An approach based on the OPC methodology may represent an acceptable and scientifically valid alternative to determine the efficacy of Acupuncture. OPC may be considered when disease natural history of the disease is well known, patient population well described, in case of extensive experience with the acupuncture treatment, stable and well known standard of care, no significant new questions of safety and effectiveness, and expectation of significant positive treatment effect.
It may be appropriate to use OPC when standard of care therapy is well established, great deal is known about the natural history of the disease, underlying patient population is well described and stable (not much variability), extensive clinical history and experience with treatment type are known, and no apparent new concerns regarding effectiveness.
Consensus among clinical communities and expectation of significantly positive treatment effect are required too.
Advantages of OPC
The OPC use offers several advantages over randomized clinical trials: smaller sample size surrogate for control group (as compared to RCT), standardized comparator for future trials, reduced cost, shortened time to completion, simpler logistic, saving time and money.
However the determination of an OPC is not a simple task. It requires rigorous and scientifically valid methodologies. An OPC should be established by a multidisciplinary team of Traditional Chinese Medicine (TCM) practitioners, and Occidental physicians in cooperation with statisticians.
A detailed analysis of publications in peer-review journals provides a threshold value (OPC), a sort of consensus on the efficacy rate of allopathic treatments currently recognized, and should be followed by a detailed analysis on how it was derived in a peer-review journal. Collaboration with a statistician can determine the adequate sample size for the clinical trial to show whether the efficacy of acupuncture is higher, lower or equal to the allopathic treatment.
An OPC must reflect the current level of care and must be periodically re-evaluated.
It is necessary for TCM practitioners to participate in TCM consensus conferences to determine OPC for each disease or symptom, in conjunction with allopathic medical practitioners and/or published results in current Western medicine practice.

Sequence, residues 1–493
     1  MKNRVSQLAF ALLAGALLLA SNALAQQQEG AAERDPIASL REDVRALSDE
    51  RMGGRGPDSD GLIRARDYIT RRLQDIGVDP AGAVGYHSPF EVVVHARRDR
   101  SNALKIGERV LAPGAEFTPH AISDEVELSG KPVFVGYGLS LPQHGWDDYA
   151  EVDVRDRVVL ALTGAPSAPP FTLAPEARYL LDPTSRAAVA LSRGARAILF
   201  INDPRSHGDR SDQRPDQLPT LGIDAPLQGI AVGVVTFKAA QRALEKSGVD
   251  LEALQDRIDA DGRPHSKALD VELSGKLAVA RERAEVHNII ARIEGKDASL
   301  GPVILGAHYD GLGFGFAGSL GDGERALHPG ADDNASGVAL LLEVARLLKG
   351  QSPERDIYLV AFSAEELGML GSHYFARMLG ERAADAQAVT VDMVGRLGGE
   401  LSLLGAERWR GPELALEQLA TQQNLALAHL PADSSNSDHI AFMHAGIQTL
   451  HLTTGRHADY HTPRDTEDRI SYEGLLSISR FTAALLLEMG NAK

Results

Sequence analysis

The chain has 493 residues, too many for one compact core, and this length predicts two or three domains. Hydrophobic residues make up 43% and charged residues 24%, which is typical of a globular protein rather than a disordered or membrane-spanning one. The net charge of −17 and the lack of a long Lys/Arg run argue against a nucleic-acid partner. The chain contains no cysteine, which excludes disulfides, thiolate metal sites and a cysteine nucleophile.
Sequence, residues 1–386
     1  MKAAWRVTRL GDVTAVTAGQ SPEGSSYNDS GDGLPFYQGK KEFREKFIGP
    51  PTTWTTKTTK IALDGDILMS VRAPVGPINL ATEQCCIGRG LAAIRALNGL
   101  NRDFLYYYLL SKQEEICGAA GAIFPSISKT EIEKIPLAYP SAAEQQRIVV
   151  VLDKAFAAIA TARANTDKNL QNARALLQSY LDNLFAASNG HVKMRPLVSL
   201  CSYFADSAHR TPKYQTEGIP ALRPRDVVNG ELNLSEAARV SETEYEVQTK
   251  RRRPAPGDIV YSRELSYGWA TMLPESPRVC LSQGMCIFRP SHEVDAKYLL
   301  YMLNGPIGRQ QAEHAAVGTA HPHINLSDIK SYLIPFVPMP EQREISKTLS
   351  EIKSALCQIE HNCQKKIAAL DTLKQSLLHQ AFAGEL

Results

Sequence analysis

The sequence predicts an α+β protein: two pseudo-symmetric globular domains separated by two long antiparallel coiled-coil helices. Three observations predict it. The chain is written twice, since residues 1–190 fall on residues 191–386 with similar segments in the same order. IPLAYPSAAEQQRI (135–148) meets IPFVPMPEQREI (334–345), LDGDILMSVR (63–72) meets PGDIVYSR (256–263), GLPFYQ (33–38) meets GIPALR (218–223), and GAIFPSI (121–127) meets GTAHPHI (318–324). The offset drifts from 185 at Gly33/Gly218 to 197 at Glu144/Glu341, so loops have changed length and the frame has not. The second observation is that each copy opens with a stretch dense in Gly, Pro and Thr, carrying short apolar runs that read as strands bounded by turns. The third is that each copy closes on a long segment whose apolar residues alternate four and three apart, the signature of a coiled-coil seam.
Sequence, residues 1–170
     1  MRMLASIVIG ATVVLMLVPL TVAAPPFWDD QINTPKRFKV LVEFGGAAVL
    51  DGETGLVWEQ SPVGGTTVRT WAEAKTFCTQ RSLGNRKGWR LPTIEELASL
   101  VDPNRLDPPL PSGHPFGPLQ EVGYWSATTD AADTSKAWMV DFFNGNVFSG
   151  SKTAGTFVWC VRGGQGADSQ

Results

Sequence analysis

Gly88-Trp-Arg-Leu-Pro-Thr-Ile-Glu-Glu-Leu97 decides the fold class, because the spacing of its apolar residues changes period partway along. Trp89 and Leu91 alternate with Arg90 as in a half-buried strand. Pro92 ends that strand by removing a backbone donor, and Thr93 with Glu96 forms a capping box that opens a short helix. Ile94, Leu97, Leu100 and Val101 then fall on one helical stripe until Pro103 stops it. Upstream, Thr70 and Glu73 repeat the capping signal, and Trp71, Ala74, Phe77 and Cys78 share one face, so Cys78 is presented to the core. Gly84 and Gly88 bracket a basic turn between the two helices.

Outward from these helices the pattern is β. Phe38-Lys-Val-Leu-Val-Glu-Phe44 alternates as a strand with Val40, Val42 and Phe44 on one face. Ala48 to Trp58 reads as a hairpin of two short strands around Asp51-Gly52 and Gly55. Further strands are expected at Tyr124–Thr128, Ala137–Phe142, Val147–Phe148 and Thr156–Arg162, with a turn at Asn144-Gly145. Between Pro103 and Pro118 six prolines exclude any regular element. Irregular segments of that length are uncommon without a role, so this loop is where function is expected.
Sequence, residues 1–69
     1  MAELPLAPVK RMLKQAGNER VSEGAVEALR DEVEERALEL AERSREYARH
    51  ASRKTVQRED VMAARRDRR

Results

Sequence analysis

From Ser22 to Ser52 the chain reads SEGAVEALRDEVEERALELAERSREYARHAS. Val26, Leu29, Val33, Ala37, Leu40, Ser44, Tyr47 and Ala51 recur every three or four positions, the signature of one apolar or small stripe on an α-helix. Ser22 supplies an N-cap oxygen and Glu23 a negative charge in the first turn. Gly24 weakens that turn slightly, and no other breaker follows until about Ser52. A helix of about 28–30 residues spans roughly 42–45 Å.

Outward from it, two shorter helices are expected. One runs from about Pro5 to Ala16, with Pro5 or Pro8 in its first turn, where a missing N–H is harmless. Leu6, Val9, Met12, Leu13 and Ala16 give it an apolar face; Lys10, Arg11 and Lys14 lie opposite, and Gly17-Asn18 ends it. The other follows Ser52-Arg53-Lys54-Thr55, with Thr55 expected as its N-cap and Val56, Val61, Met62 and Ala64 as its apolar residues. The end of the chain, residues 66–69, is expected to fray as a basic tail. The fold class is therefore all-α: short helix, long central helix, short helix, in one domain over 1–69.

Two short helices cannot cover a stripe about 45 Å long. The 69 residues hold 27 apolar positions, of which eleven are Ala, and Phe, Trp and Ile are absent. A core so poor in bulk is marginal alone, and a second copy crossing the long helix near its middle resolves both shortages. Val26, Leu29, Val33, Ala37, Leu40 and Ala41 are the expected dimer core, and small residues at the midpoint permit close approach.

Limitations of OPC
Using OPC does not mean standards can be relaxed. The trial must be well designed: intensive resource to develop the OPC, problems on agreeing to the final OPC value.
- OPC may inherit all problems seen with historical controls.
Valid historical control requires: a recent study with the same treatment; same eligibility criteria, workup, and evaluations; prognostic factors completely known and are the same in both treatment groups; no unexplained factors leading one to expect different results.
OPC needs for periodic/constant review and update. It is necessary to reassess its value after each relevant trial. OPC must reflect contemporary medical practice (temporal bias).
- OPC may inherit all the problems associated with non-concurrent control: severe and unknown selection bias; significant challenge with missing data; problems with validity of data and analysis.
Close attention must be paid to inclusion/exclusion criteria (assumption of identical populations: group of patients with same condition, demographics, and prognostic values).
It is difficult to interpret the effects of sham needling and the extent to which such approaches can be used as valid controls in clinical trials. It has been shown that slight touch of the skin stimulates mechanoreceptors coupled toslow conducting unmyelinated (C) afferents, inducing a “limbic touch”' response resulting in emotional and hormonal reactions .
Sham acupuncture interventions are often associated with moderate nonspecific effects.
RCT‘s. Comparing real acupuncture with sham acupuncture presents small power. According to Linde et al. , the differentiation between specific effects of acupuncture and non-specific effects (placebo) required the recruitment of 800subjects in a double-blind randomized controlled trial in order to obtain a power of 80%, and a standardized mean difference (SMD) 0.2 for a specific outcome measure.
OPC concept has the advantage of not using minimal, superficial, sham, or “placebo” acupuncture for the control group.